By Emily Kopp
Federal News Radio
Newly retired Foreign Service Officer Charles “Stu” Kennedy was listening to eulogies at an ambassador’s funeral. He was captivated by the stories of the man’s heroics during World War II.
“I thought, gee, these stories are lost to history,” Kennedy remembered. Then he had an idea.
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That was 1985.
Kennedy began sitting down with other diplomats, tape recorder in hand, usually for hours and sometimes for days.
He soon founded an oral histories program at the nonprofit Association for Diplomatic Studies and Training, which partners with the State Department’s Foreign Service Institute. It has now collected more than 2,400 first-person accounts of life as an American diplomat.
“The public thinks of diplomats as existing in marble halls, wearing striped pants and signing treaties. This is far from it. We’re in the middle of very difficult situations or very grubby work,” Kennedy said. “Our interviews deal much with plain, humdrum, everyday work of Americans — helping people get visas, getting Americans out of trouble and dealing with crises.”
At a time when the U.S. government is faced with crises both internal and external — from the health care scandal at the Veterans Affairs Department to the destabilization of Iraq — what can we learn from those who have found themselves in the middle of debacles and survived to tell the tale?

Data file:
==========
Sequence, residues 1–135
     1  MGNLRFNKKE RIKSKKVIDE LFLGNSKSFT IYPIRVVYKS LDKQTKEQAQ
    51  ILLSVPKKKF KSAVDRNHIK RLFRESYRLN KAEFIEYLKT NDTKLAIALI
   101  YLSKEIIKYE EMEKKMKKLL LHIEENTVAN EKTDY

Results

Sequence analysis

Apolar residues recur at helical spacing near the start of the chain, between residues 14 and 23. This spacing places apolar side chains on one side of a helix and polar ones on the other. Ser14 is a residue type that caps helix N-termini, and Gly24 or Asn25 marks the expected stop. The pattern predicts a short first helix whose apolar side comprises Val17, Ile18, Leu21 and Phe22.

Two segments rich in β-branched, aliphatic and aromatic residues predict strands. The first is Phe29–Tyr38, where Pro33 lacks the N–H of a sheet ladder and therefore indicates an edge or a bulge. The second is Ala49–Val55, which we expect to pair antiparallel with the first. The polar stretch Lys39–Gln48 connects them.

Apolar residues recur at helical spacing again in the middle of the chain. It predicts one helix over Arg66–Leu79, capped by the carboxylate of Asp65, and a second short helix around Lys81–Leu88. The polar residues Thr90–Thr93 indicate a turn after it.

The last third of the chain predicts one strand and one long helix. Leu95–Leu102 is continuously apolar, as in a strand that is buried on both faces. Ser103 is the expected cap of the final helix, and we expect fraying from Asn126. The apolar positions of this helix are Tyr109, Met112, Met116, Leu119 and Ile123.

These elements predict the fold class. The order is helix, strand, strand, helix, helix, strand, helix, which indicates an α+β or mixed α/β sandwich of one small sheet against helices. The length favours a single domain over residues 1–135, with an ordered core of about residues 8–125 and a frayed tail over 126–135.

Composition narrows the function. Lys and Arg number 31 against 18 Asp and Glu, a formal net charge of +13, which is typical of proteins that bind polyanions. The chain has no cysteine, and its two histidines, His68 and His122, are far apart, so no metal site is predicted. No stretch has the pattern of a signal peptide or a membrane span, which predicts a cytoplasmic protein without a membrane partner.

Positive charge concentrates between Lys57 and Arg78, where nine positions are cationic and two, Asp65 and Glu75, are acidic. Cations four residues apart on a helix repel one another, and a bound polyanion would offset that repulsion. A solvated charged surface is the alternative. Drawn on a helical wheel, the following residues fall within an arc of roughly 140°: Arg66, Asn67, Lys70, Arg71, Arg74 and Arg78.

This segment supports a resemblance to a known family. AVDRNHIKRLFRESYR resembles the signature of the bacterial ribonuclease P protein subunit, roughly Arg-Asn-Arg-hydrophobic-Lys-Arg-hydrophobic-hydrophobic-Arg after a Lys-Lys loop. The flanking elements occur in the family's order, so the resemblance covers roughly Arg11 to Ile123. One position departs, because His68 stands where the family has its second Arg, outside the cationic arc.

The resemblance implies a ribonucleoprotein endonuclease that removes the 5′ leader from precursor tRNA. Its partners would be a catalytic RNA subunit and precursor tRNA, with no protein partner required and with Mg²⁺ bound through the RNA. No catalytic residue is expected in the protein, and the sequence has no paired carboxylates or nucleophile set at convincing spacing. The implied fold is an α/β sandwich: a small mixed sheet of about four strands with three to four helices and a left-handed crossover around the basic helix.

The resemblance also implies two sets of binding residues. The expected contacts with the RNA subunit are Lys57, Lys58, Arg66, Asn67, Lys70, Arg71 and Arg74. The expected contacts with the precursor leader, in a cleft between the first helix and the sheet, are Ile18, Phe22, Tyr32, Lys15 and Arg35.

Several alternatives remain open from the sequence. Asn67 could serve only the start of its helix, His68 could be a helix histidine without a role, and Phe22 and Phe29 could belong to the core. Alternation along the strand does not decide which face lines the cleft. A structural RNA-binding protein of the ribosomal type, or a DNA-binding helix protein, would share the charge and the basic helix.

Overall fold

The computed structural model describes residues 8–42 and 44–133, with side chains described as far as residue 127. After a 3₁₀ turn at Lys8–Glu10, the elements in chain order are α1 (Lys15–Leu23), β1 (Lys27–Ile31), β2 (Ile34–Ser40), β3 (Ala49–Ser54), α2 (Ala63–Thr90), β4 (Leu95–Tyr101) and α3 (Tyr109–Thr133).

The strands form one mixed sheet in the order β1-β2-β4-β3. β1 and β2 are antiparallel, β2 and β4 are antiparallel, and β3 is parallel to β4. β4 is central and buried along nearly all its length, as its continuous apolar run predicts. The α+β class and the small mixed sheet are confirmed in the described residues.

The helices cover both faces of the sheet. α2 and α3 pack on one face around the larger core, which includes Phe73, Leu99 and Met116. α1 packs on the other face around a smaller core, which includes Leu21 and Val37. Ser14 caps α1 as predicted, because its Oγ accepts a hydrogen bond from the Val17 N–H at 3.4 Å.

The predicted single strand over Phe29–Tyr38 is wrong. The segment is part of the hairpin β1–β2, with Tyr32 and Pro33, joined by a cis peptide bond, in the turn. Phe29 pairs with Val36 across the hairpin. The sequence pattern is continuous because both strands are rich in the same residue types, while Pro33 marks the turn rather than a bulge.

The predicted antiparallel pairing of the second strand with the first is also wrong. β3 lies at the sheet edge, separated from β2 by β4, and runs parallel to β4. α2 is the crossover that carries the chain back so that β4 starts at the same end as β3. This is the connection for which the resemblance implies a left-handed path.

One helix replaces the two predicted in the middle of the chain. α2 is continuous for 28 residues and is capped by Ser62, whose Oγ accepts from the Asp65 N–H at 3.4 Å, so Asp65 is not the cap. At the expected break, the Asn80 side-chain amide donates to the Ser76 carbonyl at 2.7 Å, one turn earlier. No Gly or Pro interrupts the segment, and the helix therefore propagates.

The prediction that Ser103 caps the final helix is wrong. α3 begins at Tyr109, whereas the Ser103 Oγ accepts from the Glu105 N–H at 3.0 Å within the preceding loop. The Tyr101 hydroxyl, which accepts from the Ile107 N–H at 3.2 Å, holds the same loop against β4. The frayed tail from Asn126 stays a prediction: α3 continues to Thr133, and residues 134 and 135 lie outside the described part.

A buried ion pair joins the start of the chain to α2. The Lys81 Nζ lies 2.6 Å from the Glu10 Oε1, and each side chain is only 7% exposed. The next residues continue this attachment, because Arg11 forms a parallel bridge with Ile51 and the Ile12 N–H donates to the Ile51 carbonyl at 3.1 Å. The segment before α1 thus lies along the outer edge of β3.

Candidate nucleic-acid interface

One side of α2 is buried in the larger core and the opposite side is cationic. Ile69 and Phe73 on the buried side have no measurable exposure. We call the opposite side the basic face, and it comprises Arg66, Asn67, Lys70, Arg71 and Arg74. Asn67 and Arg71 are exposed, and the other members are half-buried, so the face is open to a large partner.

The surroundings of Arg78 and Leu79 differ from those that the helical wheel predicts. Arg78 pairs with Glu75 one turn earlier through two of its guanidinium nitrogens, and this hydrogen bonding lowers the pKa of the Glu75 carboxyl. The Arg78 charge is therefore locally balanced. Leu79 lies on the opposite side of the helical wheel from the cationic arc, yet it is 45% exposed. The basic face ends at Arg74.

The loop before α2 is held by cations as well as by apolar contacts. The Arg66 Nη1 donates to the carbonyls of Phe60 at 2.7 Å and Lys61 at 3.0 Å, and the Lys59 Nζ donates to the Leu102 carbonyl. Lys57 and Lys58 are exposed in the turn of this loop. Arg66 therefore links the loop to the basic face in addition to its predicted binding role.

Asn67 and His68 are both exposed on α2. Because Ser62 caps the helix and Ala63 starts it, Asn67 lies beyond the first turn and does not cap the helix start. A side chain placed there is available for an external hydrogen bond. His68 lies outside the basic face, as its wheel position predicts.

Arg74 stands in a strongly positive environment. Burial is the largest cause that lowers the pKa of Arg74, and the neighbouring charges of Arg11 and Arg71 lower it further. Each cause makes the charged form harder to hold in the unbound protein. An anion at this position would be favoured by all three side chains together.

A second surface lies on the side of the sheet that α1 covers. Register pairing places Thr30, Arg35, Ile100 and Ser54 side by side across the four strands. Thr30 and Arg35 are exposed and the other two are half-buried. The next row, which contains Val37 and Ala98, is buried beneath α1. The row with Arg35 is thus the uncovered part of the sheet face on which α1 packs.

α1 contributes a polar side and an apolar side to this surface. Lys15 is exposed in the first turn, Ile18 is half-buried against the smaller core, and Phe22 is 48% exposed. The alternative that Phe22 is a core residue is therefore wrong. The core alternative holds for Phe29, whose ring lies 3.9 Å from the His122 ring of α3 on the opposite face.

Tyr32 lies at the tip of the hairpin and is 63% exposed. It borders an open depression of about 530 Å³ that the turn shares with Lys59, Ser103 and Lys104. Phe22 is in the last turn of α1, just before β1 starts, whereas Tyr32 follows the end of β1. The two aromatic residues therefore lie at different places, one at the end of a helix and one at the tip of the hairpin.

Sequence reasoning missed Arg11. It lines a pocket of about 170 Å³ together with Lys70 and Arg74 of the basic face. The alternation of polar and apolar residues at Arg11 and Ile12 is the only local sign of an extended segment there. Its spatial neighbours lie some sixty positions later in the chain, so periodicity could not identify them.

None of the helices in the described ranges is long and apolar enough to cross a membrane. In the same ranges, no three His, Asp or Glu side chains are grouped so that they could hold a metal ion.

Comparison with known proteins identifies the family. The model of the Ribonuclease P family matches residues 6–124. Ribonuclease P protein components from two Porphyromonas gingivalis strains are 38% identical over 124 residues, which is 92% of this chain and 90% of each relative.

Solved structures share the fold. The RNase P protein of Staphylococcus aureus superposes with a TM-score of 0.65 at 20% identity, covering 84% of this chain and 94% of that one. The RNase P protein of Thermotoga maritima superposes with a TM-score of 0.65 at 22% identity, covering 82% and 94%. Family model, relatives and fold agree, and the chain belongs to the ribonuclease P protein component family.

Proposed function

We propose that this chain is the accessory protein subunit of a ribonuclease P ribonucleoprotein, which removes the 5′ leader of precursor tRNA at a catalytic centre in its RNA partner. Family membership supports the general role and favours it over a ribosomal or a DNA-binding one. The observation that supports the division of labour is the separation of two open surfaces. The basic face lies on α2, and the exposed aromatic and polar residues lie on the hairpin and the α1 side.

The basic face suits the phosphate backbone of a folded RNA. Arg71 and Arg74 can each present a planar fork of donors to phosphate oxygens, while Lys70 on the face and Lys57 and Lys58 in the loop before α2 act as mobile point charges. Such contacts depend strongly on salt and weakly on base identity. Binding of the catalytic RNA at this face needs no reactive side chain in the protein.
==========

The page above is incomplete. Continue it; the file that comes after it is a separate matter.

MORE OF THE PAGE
“We try to prevent crises. But crises, particularly in a foreign context, happen to us,” said Kennedy, who has survived the Vietnam War and two major earthquakes. “You deal with it one day at a time, but you also have to think ahead: What am I going to do?”
Diane Dillard picked up the pieces of the U.S. Embassy in Beirut, Lebanon, after a bomb attack in 1983 and reopened the consular section from her home. Ambassador Bill Brown pushed the State Department to increase accountability following a spy scandal in the former Soviet Union. And John Limbert survived the infamous 444-day Iran hostage crisis.
Together, the interviews Kennedy recorded of Dillard, Brown and Limbert illustrate diplomats’ struggles and responsibilities when representing the U.S. government in uncertain times.
Federal News Radio explores their stories in our new radio show, Federal Voices. In this edition, “Crisis Management, Diplomatically Speaking,” host Emily Kopp sits down with Kennedy to capture his story, as well as those of Dillard, Brown and Limbert.
Chapter 1: Restarting after the bombing of the U.S. Embassy in Beirut, Lebanon
It was Diane Dillard’s dog that saved her from the suicide bomber who blew up the American Embassy in Beirut, Lebanon, on April 18, 1983.
Dillard, a consular officer, had gone home at lunch to walk the dog. From her apartment building, she heard what sounded like thunder. Peering from the window, she saw smoke coming from the embassy. She ran back to work.
She remembers the shock.
“We were supposed to be invulnerable,” she said.